0

Full Content is available to subscribers

Subscribe/Learn More  >

Drive Cycle Efficiency and Emissions Estimates for Reactivity Controlled Compression Ignition in a Multi-Cylinder Light-Duty Diesel Engine

[+] Author Affiliations
Scott J. Curran, Kukwon Cho, Thomas E. Briggs, Robert M. Wagner

Oak Ridge National Laboratory, Knoxville, TN

Paper No. ICEF2011-60227, pp. 557-564; 8 pages
doi:10.1115/ICEF2011-60227
From:
  • ASME 2011 Internal Combustion Engine Division Fall Technical Conference
  • ASME 2011 Internal Combustion Engine Division Fall Technical Conference
  • Morgantown, West Virginia, USA, October 2–5, 2011
  • ISBN: 978-0-7918-4442-7
  • Copyright © 2011 by ASME

abstract

In-cylinder blending of gasoline and diesel to achieve Reactivity Controlled Compression Ignition (RCCI) has been shown to reduce NOx and PM emissions while maintaining or improving brake thermal efficiency (BTE) as compared to conventional diesel combustion (CDC). The RCCI concept has an advantage over many advanced combustion strategies in that by varying both the percent of premixed gasoline and EGR rate, stable combustion can be extended over more of the light-duty drive cycle load range. Changing the percent of premixed gasoline changes the fuel reactivity stratification in the cylinder providing further control of combustion phasing and cylinder pressure rise rate than the use of EGR alone. This paper examines the combustion and emissions performance of light-duty diesel engine using direct injected diesel fuel and port injected gasoline to enable RCCI for steady-state engine conditions which are consistent with a light-duty drive cycle. A GM 1.9L four-cylinder engine with the stock compression ratio of 17.5:1, common rail diesel injection system, high-pressure EGR system and variable geometry turbocharger was modified to allow for port fuel injection with gasoline. Engine-out emissions, engine performance and combustion behavior for RCCI operation is compared against both CDC and a premixed charge compression ignition (PCCI) strategy which relies on high levels of EGR dilution. The effect of percent of premixed gasoline, EGR rate, boost level, intake mixture temperature, combustion phasing, and cylinder pressure rise rate is investigated for RCCI combustion for the light-duty modal points. Engine-out emissions of NOx and PM were found to be considerably lower for RCCI operation as compared to CDC and PCCI, while HC and CO emissions were higher. BTE was similar or higher for many of the modal conditions for RCCI operation. The emissions results are used to estimate hot-start FTP-75 emissions levels with RCCI and are compared against CDC and PCCI modes.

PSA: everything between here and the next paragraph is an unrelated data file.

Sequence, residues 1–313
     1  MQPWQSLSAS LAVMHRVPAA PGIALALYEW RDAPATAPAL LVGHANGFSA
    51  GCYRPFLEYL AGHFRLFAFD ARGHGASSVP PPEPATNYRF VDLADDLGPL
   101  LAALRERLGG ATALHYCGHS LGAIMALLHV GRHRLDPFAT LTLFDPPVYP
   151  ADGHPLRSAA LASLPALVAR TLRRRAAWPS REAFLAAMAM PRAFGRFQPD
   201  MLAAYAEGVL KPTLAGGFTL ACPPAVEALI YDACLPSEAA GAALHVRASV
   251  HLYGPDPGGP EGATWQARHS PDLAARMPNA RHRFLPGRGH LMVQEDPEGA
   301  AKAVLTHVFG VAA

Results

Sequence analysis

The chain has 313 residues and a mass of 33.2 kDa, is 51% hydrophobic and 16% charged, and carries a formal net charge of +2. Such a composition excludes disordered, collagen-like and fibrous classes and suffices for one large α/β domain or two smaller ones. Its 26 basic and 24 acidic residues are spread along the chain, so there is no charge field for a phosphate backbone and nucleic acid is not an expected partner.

Copyright © 2011 by ASME

Figures

Tables

Interactive Graphics

Video

Country-Specific Mortality and Growth Failure in Infancy and Yound Children and Association With Material Stature

Use interactive graphics and maps to view and sort country-specific infant and early dhildhood mortality and growth failure data and their association with maternal

NOTE:
Citing articles are presented as examples only. In non-demo SCM6 implementation, integration with CrossRef’s "Cited By" API will populate this tab (http://www.crossref.org/citedby.html).

Some tools below are only available to our subscribers or users with an online account.

Related Content

Customize your page view by dragging and repositioning the boxes below.

Related eBook Content
Topic Collections

Sorry! You do not have access to this content. For assistance or to subscribe, please contact us:

  • TELEPHONE: 1-800-843-2763 (Toll-free in the USA)
  • EMAIL: asmedigitalcollection@asme.org
Sign In